By utilizing a transformer which employs a magnetic inductance principle, in which electric current is generated based on magnetic field fluctuations, Fujitsu Laboratories developed a signal-distribution circuit that splits a single-phase reference signal into two differential signals (Figure 1, b). The result is a signal-distribution circuit measuring 80 micrometers (80 µm) square, requiring less than 1% the surface area of previous circuits.

2. Compact, precise matching circuitry

For the parts of the circuit where space conservation was more important than design precision, Fujitsu Laboratories used compact inductor elements with multilayer construction - a distinctive characteristic of CMOS technology - while using transmission-line elements for those parts of the circuit that demanded the greatest operating precision. This design technology resulted in a chip with both small surface area and accurate operations at 77GHz.


Figure 2: Block diagram of RF transceiver circuit

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The combination of these two new technologies from Fujitsu Laboratories has enabled the realization of the world’s first CMOS-based RF transceiver that operates at 77GHz (see Figure 2). With a die size of 1.2 x 2.4 mm, the CMOS-based RF transceiver is also the smallest CMOS-based transceiver able to transmit or receive RF signals in the millimeter band ever announced at an academic conference thus far (see Figure 3).

Figure 3: Newly developed 77GHz RF transceiver (1.2 x 2.4 mm)

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As this RF transceiver that processes high-frequency 77GHz signals can be implemented using the same CMOS technology that is utilized for the baseband chip which processes low-frequency signals, signal-processing circuitry for automotive radar – inclusive of control circuitry – can be integrated onto a single chip, thereby resulting in greater miniaturization. Single-chip integration of these technologies will make it possible for other functions to be embedded into the chip, such as testing functions and self-adjusting functions to correct performance fluctuations caused by changes in ambient temperature, all of which had been impossible to implement as part of the RF transceiver chip when using compound semiconductors. Embedding these functions into a single chip significantly reduces mounting and testing costs for the chips, which are anticipated to significantly lower the cost of automotive radar and promote its widespread use.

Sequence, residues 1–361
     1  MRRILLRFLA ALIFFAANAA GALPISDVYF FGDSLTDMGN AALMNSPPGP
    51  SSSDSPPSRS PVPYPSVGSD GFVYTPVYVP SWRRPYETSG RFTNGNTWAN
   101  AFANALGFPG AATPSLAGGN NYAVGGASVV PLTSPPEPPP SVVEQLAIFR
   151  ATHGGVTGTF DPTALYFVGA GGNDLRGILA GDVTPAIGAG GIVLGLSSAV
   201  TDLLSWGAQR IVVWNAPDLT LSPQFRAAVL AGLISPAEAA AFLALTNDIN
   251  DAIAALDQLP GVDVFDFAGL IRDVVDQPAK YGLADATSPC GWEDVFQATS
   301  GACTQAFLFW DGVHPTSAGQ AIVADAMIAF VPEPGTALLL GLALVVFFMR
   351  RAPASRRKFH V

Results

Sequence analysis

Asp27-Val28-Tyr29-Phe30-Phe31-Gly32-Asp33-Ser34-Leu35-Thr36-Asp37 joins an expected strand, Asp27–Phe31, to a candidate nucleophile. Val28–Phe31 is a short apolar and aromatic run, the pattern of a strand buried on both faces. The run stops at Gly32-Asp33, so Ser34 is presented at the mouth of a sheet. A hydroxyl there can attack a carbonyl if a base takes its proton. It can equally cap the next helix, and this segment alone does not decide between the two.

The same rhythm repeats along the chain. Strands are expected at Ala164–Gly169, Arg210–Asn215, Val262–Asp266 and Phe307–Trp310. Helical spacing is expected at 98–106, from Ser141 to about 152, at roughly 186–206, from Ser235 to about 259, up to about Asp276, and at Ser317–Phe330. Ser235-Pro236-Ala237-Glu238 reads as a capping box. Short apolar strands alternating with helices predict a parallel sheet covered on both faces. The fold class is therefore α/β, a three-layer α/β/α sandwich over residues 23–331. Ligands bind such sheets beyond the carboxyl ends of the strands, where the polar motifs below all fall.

Future Developments

To further enhance features of this new RF transceiver chip, Fujitsu Laboratories will develop technologies to enable self-adjustment functions to correct characteristic fluctuations caused by changes in ambient temperature, as well as to embed baseband circuitry into the chip, to realize automotive radar chips that feature greater functionality and higher performance.

  • [1] RF transceiver IC

    An IC chip that takes the high-frequency radio signals transmitted or received through an antenna, such as those used in wireless systems, and modulates them to low-frequency signals. Also referred to as a RF front-end chip.

  • [2] CMOS technology

    A logic circuit consisting of N-type and P-type metal-oxide semiconductors (MOS) with complementary connections formed on a silicon substrate. Attributable to their low power requirements, CMOS circuits are currently the mainstream for integrated circuits.

  • [3] Inductor element

    In electromagnetic circuits, a passive element wound around an electric line that induces a voltage change in response to a current change.

  • [4] Baseband IC

    In wireless systems, the logic chip that processes the data signal before it is demodulated or modulated to a high-frequency signal. 

  • [5] Compound semiconductor

    A semiconductor formed using two or more elements, such as gallium-arsenide (GaAs) or indium-phosphide (InP), and which features higher electron mobility than silicon, therefore permitting faster operation.

  • [6] Transmission line

    In electronic devices and electronic circuits, an interconnect used to transmit a high-frequency signal. Some examples are waveguides, coaxial lines, and microstrip lines, among others.

About Fujitsu Laboratories

Founded in 1968 as a wholly owned subsidiary of Fujitsu Limited, Fujitsu Laboratories Limited is one of the premier research centers in the world. With a global network of laboratories in Japan, China, the United States and Europe, the organization conducts a wide range of basic and applied research in the areas of Multimedia, Personal Systems, Networks, Peripherals, Advanced Materials and Electronic Devices. For more information, please see:

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Date: 12 February, 2009
City: Kawasaki, Japan
Company: Fujitsu Laboratories Ltd., , , , ,